The scale of operations of Lam and his suppliers falls short of that proven in leading cases such as United States v. Bynum, supra, and United States v. Sperling, supra. Here, aside from samples and the attempt to buy 100 pounds of heroin in Hong Kong, the only proven sales of heroin were two 11/2 pound deliveries, one from each group of suppliers. This paucity of proof of a large-scale transaction or of interrelationship between smaller transactions tends to support appellants' claim that the January 30 dealings represented the work of a different conspiracy with different suppliers. Compare United States v. Miley, supra, 513 F.2d at 1206-07.


Admission of evidence of a separate January conspiracy, however, would not call for reversal in the absence of a showing that the error affected the "substantial rights" of the accused. See F.R.Crim.P. 52(a); Berger v. United States, 295 U.S. 78, 82, 55 S.Ct. 629, 79 L.Ed. 1314 (1935); United States v. Miley, supra, 513 F.2d at 1207, and cases there cited. The record in this case convincingly demonstrates that any variance stemming from proof of the January 30 dealings did not prejudice the appellants. No out-of-court statements by the unindicted January 30th co-conspirators implicating the appellants were admitted into evidence on the theory that all were part of a single conspiracy. Nor did the district judge give a Pinkerton charge, see Pinkerton v. United States, 328 U.S. 640, 66 S.Ct. 1180, 90 L.Ed. 1489 (1946), which might have permitted the jury to find the appellants guilty of a substantive offense committed by one of the unindicted January co-conspirators on the theory that their act was committed in furtherance of a conspiracy in which appellants were members. Rather, the only possible source of prejudice to appellants was the possibility that the evidence relating to the January 30 activities on Sonny, Fatman and Michael tainted the trial of appellants by transferring guilt from members of that conspiracy to them. See Kotteakos v. United States, 328 U.S. 750, 774, 66 S.Ct. 1239, 90 L.Ed. 1557 (1946); United States v. Bertolotti, 529 F.2d 149, 156 (2d Cir. 1975); United States v. Miley, supra, 513 F.2d at 1209.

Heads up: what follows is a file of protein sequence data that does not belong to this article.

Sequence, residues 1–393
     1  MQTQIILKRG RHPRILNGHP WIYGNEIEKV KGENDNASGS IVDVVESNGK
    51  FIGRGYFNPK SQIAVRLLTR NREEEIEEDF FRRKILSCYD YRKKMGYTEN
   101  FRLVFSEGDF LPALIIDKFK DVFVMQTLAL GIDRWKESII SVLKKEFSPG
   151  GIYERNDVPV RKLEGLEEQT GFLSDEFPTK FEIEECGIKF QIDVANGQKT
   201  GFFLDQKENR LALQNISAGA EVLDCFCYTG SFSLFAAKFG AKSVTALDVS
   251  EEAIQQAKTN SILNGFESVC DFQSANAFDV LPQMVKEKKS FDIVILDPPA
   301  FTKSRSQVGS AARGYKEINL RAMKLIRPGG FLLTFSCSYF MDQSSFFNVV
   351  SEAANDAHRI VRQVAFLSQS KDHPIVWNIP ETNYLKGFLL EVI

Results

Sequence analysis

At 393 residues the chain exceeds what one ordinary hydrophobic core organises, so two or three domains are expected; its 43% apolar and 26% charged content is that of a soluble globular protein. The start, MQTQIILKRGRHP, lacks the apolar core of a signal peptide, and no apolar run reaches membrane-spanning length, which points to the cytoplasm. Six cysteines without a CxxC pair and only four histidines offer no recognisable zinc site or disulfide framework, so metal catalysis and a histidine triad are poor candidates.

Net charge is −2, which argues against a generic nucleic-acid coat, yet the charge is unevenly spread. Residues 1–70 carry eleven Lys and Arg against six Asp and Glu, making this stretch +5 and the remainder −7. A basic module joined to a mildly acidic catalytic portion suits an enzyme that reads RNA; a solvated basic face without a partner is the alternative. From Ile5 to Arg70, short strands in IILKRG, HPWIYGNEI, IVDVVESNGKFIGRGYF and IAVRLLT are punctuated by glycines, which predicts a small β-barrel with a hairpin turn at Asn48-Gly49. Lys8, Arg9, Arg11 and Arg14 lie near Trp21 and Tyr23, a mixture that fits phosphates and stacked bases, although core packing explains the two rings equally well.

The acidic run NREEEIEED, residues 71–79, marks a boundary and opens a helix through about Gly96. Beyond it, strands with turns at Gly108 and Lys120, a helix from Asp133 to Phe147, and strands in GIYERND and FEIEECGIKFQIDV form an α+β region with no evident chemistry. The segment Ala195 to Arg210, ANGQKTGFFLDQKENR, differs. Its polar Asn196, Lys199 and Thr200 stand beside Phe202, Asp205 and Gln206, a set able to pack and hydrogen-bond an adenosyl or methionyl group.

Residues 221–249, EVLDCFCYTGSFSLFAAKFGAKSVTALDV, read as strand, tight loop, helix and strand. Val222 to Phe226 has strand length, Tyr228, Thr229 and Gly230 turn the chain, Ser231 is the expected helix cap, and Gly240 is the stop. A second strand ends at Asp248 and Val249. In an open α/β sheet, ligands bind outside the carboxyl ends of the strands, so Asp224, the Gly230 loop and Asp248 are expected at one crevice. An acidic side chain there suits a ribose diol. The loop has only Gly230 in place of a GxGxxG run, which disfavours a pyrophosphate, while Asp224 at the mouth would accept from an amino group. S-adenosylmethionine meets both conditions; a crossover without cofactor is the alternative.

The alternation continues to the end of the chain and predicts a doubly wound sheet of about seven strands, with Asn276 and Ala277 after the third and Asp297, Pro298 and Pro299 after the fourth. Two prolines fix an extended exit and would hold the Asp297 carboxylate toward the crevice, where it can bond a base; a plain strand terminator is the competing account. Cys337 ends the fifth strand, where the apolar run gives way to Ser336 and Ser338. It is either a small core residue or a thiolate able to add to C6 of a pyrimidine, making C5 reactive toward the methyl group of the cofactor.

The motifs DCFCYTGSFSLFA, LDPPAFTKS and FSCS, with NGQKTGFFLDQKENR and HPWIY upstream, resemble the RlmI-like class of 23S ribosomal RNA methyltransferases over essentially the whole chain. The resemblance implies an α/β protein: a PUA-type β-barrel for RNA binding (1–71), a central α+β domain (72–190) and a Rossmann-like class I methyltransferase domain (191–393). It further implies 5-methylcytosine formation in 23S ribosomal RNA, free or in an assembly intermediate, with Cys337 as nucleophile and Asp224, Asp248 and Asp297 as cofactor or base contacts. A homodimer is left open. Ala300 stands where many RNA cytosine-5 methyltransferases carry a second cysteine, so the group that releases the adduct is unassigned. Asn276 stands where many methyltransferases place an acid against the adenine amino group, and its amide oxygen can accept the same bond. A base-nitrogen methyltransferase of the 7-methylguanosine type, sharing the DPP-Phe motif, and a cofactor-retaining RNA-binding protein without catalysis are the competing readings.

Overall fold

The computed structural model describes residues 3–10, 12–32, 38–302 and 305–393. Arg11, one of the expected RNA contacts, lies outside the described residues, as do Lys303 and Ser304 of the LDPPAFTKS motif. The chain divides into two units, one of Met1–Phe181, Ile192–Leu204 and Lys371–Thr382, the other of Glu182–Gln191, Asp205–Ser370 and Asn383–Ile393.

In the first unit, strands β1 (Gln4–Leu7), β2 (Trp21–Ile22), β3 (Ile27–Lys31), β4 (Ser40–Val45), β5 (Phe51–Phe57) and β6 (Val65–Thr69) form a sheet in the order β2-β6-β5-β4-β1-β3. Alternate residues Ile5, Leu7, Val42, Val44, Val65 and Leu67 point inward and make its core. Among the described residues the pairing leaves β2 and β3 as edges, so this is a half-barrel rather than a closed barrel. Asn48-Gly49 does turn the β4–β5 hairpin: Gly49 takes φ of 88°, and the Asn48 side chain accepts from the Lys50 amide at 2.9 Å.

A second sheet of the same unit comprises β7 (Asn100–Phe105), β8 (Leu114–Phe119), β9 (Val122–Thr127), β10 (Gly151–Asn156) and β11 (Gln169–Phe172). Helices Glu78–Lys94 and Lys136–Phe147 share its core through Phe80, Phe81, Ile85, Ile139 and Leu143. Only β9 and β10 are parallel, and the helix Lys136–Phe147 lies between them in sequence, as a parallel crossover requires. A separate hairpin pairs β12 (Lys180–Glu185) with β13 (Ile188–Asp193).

In deciding whether such a "spill-over" effect might exist a helpful starting point is to determine whether the number of conspiracies proven and conspirators tried was so large as to make it difficult for the jury to weigh the evidence against each defendant carefully and intelligently. See United States v. Bertolotti, supra, 529 F.2d at 156. Here, only three defendants were on trial, and the total cast of characters, including Sonny, Fatman and Michael and several other unindicted co-conspirators, numbered only nine.9 At most, two conspiracies were proven. This simply-structured case thus stands in sharp contrast to those which have found a possible "spill-over" effect because the number of conspiracies and conspirators were too great for the jury's intelligent differentiation. Compare Kotteakos v. United States, supra, (prosecution of 36 persons involved in eight separate conspiracies); United States v. Bertolotti, supra, (17 defendants on trial; at least four conspiracies). Indeed, even in United States v. Miley, supra, where the numbers of conspiracies and conspirators involved were somewhat greater than in the present case, we found them insufficient to presume that the defendants had been swept away in such vortex of guilt by association. See, also, Berger v. United States, supra.


The record in this case, furthermore, confirms the lack of prejudice to appellants. The overwhelming bulk of the trial testimony was directed toward proof of the conspiracy involving the Hong Kong venture and the May 30 sale, with evidence concerning the January 30 dealings amounting to no more than 30 pages of a trial transcript of more than 1800 pages. The transaction with Sonny, Fatman, and Michael was simply and briefly described by the officers as background for their testimony concerning their later dealings with Lam. The government barely touched upon Sonny, Fatman and Michael in its summation. Thus appellants were not "subjected to a deluge of evidence relating to (the conspiracy) in which they played no role," United States v. Bertolotti, supra, 529 F.2d at 157. See United States v. Miley, supra, 513 F.2d at 1209. On the contrary the trial evidence focused almost entirely on the conspiracy of which they were members, and there is no reason to believe that the jury convicted them through transference of guilt from the activities of Sonny, Fatman, and Michael, rather than on the basis of this evidence.